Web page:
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Art, contd
At http://come-to-think.livejournal.com/24283.html I recorded my peculiar anesthesia to art.  What seems to be missing is its link with emotion that most people take for granted.  As a result, most writing about art is baffling to me---the more so in that a great deal of such writing is open to a legitimate suspicion of bluffing, which I am badly equipped to evaluate.

Here, for example, is an aside in an essay I greatly admire---Mencken's obituary of Valentino:

Was the fame of Beethoven any more caressing and splendid than the fame of Valentino?  To you and me, of course, the question seems to answer itself.  But what of Beethoven?  He was heard upon the subject, viva voce, while he lived, and his answer survives, in all the freshness of its profane eloquence, in his music.  Beethoven, too, knew what it meant to be applauded.  Walking with Goethe, he heard something that was not unlike the murmur that reached Valentino through his hospital window.  Beethoven walked away briskly....

Now, I can well imagine that walking away briskly, in context, might express the emotion of contempt for fame.  But how the devil can music (I mean, as I suppose Mencken did, music without words) do that?  When I listen to instrumental music, the chief emotion I feel is sympathy with the fun the composer & the performers must have had in making it come out right.  That is no doubt amiable, but clearly it is not, primarily, what Beethoven had in mind.  Maybe he really did have contempt for fame in mind.  It would be absurd to discount this kind of talk, which is common among people I respect.  Evidently I am missing something big.

However, I have to draw a line somewhere.  Here is a quotation, in the New York Review, from somebody named Robert Hughes about some pictures by somebody named Roy Lichtenstein:

They are the closest thing to the only kind of life drawing one can imagine Lichtenstein doing, an image of a blank white page.  They acquire poignancy from the fact that they are empty.  One gazes at them frontally, as at a real mirror, but nothing shows up in their superficial depths.  The spectator is a phantom.  These icy, imperturbable tondos and ovals may say more about the nature of Lichtenstein's imagination than anything he has painted since.

Poseur Alert, as Mr Andrew Sullivan would say.  Superficial depths!  Surely I am missing nothing by ignoring such stuff.  I have not even bothered to look up "tondos".

In painting & music, at least, such pretensions are confined to places where their admirers can pretend to admire them.  In architecture, on the contrary, they get to sock every passer-by in the eye.  Here is an appreciation, from the Boston Globe, of an ugly, expensive-looking building at MIT called the Stata Center, which opened in 2004:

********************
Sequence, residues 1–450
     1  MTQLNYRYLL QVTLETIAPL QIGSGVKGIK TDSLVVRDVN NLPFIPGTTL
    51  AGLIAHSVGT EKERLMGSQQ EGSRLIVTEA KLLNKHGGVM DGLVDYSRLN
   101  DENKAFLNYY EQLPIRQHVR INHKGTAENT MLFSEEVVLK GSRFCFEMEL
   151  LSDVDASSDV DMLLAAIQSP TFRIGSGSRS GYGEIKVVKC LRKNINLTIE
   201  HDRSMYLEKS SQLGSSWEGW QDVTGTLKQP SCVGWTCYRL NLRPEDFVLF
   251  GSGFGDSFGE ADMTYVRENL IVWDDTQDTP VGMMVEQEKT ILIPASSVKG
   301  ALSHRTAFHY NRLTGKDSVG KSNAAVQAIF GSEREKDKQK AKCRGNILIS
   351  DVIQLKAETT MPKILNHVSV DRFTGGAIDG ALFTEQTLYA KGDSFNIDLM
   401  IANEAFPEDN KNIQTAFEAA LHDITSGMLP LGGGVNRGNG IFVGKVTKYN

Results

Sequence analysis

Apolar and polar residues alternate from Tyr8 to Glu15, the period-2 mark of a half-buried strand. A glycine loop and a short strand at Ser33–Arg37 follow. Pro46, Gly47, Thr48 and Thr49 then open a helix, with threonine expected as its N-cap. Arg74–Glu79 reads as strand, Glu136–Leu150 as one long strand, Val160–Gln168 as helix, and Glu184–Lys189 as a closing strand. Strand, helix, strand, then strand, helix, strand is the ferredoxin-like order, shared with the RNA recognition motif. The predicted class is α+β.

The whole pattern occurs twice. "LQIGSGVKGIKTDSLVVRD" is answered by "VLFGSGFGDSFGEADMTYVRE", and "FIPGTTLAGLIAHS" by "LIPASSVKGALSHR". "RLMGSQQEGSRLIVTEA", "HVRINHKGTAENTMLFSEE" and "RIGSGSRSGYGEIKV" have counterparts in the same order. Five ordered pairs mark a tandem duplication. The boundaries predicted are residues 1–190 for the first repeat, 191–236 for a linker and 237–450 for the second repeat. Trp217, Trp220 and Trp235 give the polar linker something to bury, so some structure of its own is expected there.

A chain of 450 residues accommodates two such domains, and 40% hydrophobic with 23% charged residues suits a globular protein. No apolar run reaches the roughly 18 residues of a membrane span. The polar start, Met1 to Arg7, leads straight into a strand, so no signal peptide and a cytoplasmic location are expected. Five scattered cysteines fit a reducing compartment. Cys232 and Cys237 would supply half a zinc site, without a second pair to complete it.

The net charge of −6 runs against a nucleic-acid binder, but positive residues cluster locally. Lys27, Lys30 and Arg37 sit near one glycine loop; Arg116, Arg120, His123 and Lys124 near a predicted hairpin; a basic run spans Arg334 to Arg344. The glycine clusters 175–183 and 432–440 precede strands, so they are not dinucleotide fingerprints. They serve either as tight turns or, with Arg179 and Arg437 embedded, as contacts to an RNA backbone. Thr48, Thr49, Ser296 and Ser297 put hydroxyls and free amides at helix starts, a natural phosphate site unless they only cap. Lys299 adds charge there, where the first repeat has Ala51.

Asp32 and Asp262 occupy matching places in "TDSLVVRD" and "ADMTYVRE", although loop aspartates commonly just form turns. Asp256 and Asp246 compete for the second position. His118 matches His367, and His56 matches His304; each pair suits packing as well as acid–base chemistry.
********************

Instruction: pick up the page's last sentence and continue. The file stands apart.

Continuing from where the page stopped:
The Stata is always going to look unfinished. It also looks as if it's about to collapse. Columns tilt at scary angles. Walls teeter, swerve, and collide in random curves and angles. Materials change wherever you look: brick, mirror-surface steel, brushed aluminum, brightly colored paint, corrugated metal. Everything looks improvised, as if thrown up at the last moment. That's the point. The Stata's appearance is a metaphor for the freedom, daring, and creativity of the research that's supposed to occur inside it.

Needless to say, it won prizes, and the roof leaks.

In contrast, there is a pair of soothing buildings (62 & 64) that were built in 1925 and are used as student residences.  I pass by one of them once a month on Ames St. on my way to the sailing pavilion for the chantey sing.  They are rectangular with some rhythmic excursions.  The only ugly thing about them is the air conditioners in the windows, but those seem to be disappearing, so perhaps central AC has been installed.  If I had been given the Stata job (God forbid!), I would have scaled them up.

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I imagine that Beethoven did not start with contempt for fame, but that he developed it after he had already had some of it.

A lot of modern criticism does seem to spark the poseur alert, and modern art, music, etc. too. I suppose that in a Borgesian sense, they are reviewing according to some perceived context rather than what is actually there on the canvas. What is the difference between Lichtenstein's supposed blank canvas and a fresh, unused one? The idea that Lichtenstein did it on purpose, submitted a completely blank canvas to make an artistic point.

I personally rather like the Stata building, but I'm not going to say it's any natural law, or that you must too. These things are like fashion; you know what you like, but there aren't really objective standards. When I was an undergrad, the students hated the new Louise Nevelson statue outside Building 66; I still pretty much hate it. But the leaking of the Stata was a bad job and shouldn't have happened.

That reminds me; one day I could hardly get to an event I wanted to, because so many people were there to see Frank Gehry, the architect of the Stata. At that time, I had never heard of him. Although I like the Stata, I would not say that I like every building of his, nor have I sought them out.

As for East Campus, I guess it never made much impression on me one way or the other. I rather like the Finnish stuff; the Alvar Aalto which is my old dorm, Baker House, and the Saarinens. And I do think that so many I.M. Pei's are kind of deadening.

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